Just like a recipe, a lot of ingredients go into a patent application. Even more components are needed depending on the type of patent for which you are applying and if you’re filing a provisional or non-provisional application.
To give you an idea of what’s involved, here is an overview of the application for a patent. But please note that this information is far from inclusive and should not be construed as the official application process.
You should contact us for complete patent application information or the United States Patent and Trademark Office directly.
Patent Application Basics
With all applications for a patent, the general requirements for submitting a patent request to the Director of the United States Patent and Trademark Office are:
- A complete application for the type of patent you are requesting.
- A specification that describes your discovery, new idea, or process idea.
- An oath or declaration from the inventor.
- Drawings of the invention, with several views and descriptions to support the scope of your patent claim.
- The associated filing, application and examination fees.
Provisional versus Non-Provisional Application
A provisional filing allows you to protect your idea by obtaining patent pending status while you work on getting all the particulars together for the formal patent claim. Within 12 months of your provisional filing date, you can then convert your patent pending to a non-provisional patent application.
In addition to the application basics, both a provisional and non-provisional patent application require a cover sheet that declares the inventor’s name (can be more than one) and address; the address for correspondence; the name of the invention; the name and registration number of your patent service, agent, or patent attorney, if one is being used; the docket number assigned by the filer; and, if applicable, the name of the U.S. government and contract number who developed the invention.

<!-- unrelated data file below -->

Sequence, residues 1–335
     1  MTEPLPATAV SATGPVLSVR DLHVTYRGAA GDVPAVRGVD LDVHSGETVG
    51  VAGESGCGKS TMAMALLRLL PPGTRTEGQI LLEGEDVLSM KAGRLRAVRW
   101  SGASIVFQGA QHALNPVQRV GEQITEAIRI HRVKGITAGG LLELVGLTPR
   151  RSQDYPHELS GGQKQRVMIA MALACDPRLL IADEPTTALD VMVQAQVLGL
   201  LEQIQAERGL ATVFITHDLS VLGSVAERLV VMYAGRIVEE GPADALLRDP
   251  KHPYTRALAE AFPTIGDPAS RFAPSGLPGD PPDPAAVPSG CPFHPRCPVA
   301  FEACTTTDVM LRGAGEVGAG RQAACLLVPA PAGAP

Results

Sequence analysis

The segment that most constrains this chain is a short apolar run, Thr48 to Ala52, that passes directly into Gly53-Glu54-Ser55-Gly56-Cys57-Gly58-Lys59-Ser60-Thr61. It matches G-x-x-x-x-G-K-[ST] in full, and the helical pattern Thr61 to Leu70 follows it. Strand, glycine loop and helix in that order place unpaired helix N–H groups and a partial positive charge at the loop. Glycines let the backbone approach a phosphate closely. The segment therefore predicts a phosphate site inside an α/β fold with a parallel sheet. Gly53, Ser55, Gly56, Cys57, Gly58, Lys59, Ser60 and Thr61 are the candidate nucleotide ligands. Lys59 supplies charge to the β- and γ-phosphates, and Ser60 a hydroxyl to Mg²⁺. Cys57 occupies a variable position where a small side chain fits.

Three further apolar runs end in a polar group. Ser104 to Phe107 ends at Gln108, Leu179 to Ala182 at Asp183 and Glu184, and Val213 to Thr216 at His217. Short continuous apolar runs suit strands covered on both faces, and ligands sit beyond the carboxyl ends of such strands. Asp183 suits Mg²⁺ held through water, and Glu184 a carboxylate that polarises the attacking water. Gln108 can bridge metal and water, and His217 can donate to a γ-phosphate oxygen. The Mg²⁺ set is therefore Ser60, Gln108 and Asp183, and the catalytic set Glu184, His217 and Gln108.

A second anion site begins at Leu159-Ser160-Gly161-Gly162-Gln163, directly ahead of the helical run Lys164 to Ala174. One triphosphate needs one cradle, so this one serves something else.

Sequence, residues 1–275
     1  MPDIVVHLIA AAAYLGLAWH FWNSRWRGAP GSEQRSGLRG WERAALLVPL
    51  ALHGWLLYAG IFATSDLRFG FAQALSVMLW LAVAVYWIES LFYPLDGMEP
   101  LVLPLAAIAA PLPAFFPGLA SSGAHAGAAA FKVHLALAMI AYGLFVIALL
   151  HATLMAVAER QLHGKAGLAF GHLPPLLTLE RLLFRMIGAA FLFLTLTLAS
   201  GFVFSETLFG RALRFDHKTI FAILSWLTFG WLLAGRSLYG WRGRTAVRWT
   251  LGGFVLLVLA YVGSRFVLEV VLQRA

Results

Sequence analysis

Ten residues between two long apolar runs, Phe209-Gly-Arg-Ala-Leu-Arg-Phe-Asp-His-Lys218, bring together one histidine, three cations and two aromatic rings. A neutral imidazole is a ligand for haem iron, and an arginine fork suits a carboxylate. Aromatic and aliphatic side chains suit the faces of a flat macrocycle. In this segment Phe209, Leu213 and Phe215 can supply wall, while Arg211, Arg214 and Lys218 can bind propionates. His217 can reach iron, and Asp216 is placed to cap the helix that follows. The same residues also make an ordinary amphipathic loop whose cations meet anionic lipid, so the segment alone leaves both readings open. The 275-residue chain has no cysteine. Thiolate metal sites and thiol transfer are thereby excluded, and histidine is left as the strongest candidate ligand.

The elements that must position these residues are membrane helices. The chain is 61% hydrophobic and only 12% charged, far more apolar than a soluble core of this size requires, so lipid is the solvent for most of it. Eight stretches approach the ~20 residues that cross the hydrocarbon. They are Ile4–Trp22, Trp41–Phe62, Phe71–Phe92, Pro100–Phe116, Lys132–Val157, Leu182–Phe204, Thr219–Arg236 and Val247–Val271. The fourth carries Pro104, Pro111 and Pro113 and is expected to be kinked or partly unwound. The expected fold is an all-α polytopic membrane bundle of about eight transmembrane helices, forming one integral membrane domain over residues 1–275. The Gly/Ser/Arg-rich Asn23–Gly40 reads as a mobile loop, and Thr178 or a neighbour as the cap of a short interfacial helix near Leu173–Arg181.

The non-provisional application, which is used to apply for a utility patent, also has these additional components:
- A transmittal letter, which outlines the forms included in the application patent filing and the number of pages.
- The application data sheet stating any domestic benefit or international priority claims, and references any related applications, such as a provisional filing.
- An abstract of disclosure or information disclosure statement that summarizes the title and nature of your invention, and whether it involved any government sponsored research or development.
- A brief summary of your idea, process, or new discovery.
- A background of the invention summarizing how the idea came about, its advantages and other pertinent information.
- A detailed description explaining what the idea or process does and distinguishes how it is different from what currently exists.
- An oath or declaration claiming what will be covered by the patent.
- A sequence listing, including tables of data or computer program listings.
- The examination fees.
Application Overview for a Design Patent
A design patent application has a few different components, including a preamble that contains your name, design title, a brief description and its intended use.
As with the non-provisional utility patent application, the submission for a design patent must include at least one claim, drawings and photographs with descriptions, and an oath or declaration.
Application Overview for a Plant Patent
A plant patent application follows the same requirements for a non-provisional patent application, with a few exceptions. They include providing the Latin name of the plant’s class and type, along with its variety denomination.
In addition, the filer must demonstrate that the plant is stable by describing the discovery step and providing the results of asexual reproduction tests to confirm its stability and productivity.
Using a Patent Service for Filing a Patent
There’s no doubt about it, there’s a lot to take in and understand when applying for any type of patent. What’s more, the U.S. Patent and Trademark Office has specific requirements for organizing the order of sections in a patent application and following a preferred layout of information. If not followed precisely, or if information is missing, your application will be rejected.
To avoid delays or a patent rejection, the best route to take when submitting an application for a patent is to work with a patent service. For example, here at Lonestar Patent Services, our comprehensive services cover all stages, from evaluation to development to product launch.
When it’s time to apply for a patent, our U.S. registered patent attorneys have years of expertise in filing provisional and non-provisional patents for utility, design and plant discoveries. We’ll write and file the applicable application to ensure your patent is granted the first time.
Contact us today to get started with protecting your new product, process, or discovery from the competition!